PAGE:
April 26, 2020

THERE IS NO AFGHANISTAN:

Taliban Constitution Offers Glimpse Into Militant Group's Vision For Afghanistan (Frud Bezhan, 4/26/20, Radio Liberty)

In the document, power was centralized in the hands of an "Amir ul-Momineen," or leader of the faithful. This supreme leader was the head of state and had ultimate authority. This was Mullah Omar, the Taliban's spiritual leader and founder.

The constitution did not describe how such a leader would be selected or for how long he could serve. But it said the supreme leader must be male and a Sunni Muslim.

An Islamic council, handpicked by the supreme leader, would serve as the legislature and implement laws and policy. The government, headed by the head of the council of ministers -- a quasi-prime ministerial position -- would report to the Islamic council.

Under the constitution, Sunni Islam was to be the official state religion, even though some 15 percent of the population are Shi'ite Muslims.

The document stated that no law could be contrary to Islamic Shari'a law.

The constitution granted freedom of expression, women's education, and the right of a fair trial, but all within the limits of the Taliban's strict interpretation of Shari'a law.

It is unclear how the document shaped the Taliban's draconian laws and brutal policies during its Islamic Emirate, the official name of the Taliban regime that ruled Afghanistan from 1996-2001.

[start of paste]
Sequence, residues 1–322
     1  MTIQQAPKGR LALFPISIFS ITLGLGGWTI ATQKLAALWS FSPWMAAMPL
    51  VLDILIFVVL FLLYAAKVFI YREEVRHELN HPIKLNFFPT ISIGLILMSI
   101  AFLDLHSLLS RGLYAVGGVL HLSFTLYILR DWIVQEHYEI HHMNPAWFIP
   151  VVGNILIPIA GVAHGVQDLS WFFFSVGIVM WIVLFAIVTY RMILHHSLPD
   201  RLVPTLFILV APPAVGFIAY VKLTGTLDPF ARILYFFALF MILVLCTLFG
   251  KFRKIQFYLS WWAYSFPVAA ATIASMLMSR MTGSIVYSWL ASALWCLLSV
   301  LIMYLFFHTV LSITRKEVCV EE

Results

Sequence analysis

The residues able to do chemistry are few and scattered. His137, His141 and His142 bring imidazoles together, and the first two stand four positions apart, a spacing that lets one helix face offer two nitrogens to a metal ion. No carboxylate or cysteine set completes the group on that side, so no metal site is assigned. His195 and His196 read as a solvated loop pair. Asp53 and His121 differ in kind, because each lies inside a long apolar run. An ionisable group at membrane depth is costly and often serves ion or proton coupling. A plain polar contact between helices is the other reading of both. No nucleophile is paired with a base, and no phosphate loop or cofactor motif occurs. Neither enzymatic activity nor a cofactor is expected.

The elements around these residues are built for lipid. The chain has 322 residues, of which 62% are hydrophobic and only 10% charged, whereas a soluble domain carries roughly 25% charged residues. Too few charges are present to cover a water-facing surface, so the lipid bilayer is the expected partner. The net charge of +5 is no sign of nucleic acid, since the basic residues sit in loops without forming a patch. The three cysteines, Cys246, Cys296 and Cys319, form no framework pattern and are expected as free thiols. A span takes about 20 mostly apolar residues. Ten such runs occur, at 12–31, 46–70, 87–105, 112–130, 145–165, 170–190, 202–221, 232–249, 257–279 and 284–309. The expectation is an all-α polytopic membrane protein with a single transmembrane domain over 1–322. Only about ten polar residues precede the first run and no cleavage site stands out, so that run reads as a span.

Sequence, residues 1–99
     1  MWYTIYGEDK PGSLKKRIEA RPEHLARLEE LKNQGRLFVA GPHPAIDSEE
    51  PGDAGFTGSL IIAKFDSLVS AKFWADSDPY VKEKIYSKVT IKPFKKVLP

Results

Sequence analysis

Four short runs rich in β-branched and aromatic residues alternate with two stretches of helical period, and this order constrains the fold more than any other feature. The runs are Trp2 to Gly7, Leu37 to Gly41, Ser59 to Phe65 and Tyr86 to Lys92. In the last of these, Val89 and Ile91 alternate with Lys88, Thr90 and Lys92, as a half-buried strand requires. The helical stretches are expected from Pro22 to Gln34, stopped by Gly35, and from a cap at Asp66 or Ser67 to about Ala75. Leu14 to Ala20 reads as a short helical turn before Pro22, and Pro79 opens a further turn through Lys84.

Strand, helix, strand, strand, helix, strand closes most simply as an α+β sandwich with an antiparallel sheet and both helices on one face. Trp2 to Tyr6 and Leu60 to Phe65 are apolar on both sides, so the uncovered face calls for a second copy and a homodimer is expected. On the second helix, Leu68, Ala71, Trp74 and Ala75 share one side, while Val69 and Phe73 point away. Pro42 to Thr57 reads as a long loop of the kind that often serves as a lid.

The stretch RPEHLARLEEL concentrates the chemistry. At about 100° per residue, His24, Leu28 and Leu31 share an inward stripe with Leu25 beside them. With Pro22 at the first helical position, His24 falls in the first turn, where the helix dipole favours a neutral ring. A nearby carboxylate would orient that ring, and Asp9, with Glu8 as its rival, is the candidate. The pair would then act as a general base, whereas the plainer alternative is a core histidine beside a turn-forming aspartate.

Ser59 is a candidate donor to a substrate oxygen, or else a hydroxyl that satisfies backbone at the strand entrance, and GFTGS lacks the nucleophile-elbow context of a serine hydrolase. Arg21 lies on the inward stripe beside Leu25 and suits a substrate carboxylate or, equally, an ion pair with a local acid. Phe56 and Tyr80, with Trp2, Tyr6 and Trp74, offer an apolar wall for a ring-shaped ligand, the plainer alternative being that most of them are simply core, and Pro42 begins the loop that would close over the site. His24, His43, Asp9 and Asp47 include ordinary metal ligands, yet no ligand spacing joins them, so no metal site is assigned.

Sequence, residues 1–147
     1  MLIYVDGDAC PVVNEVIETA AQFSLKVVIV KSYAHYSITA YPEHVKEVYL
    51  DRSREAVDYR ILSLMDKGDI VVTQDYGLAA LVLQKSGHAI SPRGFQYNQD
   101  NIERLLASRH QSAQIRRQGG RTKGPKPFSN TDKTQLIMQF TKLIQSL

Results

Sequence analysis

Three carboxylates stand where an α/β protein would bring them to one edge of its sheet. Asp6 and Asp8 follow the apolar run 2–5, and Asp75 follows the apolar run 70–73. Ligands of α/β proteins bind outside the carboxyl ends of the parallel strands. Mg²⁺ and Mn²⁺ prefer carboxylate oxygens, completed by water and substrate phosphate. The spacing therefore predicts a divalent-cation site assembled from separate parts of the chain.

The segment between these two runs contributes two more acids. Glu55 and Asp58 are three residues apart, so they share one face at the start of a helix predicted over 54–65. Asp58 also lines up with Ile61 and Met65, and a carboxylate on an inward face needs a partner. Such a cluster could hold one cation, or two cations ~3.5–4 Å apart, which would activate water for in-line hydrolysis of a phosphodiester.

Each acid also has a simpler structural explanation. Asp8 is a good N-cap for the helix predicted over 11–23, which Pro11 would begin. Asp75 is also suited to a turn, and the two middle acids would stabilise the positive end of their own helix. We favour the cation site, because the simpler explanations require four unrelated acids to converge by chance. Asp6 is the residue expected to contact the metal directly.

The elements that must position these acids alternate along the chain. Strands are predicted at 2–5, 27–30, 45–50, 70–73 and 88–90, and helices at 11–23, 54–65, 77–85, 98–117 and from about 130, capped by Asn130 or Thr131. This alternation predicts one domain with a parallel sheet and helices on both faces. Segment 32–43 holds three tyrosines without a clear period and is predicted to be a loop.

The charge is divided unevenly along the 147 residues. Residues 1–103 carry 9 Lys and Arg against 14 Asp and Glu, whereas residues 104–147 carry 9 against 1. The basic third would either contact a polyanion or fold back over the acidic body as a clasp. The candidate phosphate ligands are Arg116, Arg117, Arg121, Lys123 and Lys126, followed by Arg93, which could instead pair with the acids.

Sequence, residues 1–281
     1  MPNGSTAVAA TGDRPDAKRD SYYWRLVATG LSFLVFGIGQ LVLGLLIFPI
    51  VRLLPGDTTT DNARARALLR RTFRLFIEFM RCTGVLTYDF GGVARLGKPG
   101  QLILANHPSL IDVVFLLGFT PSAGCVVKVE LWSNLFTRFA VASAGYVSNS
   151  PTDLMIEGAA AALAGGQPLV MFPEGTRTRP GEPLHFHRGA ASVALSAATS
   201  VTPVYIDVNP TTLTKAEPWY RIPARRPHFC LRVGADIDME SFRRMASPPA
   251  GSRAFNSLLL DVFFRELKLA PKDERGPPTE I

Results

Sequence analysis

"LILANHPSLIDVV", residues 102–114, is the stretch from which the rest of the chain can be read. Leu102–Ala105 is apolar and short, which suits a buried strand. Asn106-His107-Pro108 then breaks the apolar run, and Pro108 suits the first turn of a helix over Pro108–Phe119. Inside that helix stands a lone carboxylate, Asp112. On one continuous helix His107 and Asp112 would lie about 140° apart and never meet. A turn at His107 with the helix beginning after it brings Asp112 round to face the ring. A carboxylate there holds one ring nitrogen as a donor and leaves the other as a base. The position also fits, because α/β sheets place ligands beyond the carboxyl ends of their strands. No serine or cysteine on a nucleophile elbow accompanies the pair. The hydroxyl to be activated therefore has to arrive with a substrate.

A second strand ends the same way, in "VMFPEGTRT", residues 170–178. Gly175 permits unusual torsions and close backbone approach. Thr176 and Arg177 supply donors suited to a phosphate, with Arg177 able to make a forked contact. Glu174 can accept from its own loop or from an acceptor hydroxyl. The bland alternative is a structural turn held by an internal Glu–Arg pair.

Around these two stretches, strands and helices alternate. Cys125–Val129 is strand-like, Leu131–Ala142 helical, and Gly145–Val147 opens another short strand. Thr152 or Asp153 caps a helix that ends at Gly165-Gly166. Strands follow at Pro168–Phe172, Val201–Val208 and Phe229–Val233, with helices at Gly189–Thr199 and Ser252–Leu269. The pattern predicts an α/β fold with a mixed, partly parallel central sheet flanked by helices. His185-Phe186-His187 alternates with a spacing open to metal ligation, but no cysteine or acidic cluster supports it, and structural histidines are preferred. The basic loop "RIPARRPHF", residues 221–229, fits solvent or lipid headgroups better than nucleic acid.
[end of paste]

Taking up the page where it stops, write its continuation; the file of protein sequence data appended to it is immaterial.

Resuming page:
The Taliban banned TV and music, forced men to pray and grow beards, forced women to cover themselves from head to toe, and prevented women and girls from working or going to school. The Taliban amputated the hands of thieves, publicly flogged people for drinking alcohol, and stoned to death those who engaged in adultery. Executions were common.

Andrew Watkins, a senior analyst for Afghanistan at the International Crisis Group, said the draft constitution reflects the "Taliban's intensely religious roots" and reveals the importance placed on a "centralized authority" for a group that was "founded on a mission of restoring order to the country."

The document was littered with contradictions and was never ratified.[...]

Analysts said the Taliban's great ambiguity on key issues reflects the divisions within the group.

The Taliban's political leadership based in Pakistan is believed to be more open to an accommodation in assuming power under a peace deal.

Meanwhile, hard-line military commanders on the battlefield in Afghanistan are reluctant to budge on their demands for a full restoration of the Islamic Emirate.

"There is a cocktail of views among the Taliban on power and governance," said Javid Ahmad, a senior fellow at the Washington-based Atlantic Council.

"More than anything, Taliban leaders need an intra-Taliban dialogue to settle their conflicting views about a future Afghan state," Ahmad added.

There are also intense differences among the Afghan political elite.

Pashtuns, the largest ethnic group in Afghanistan, generally support a centralized state that guarantees their control of the government. But non-Pashtuns, which constitute a majority of the population, believe too much power of the state is left in the hands of one individual, and support decentralization because it would enshrine a more inclusive and equitable distribution of power.

Such a Pashtunistan would be fatally weak for all the same reasons that the Caliphate was.

Posted by at April 26, 2020 8:18 AM

  

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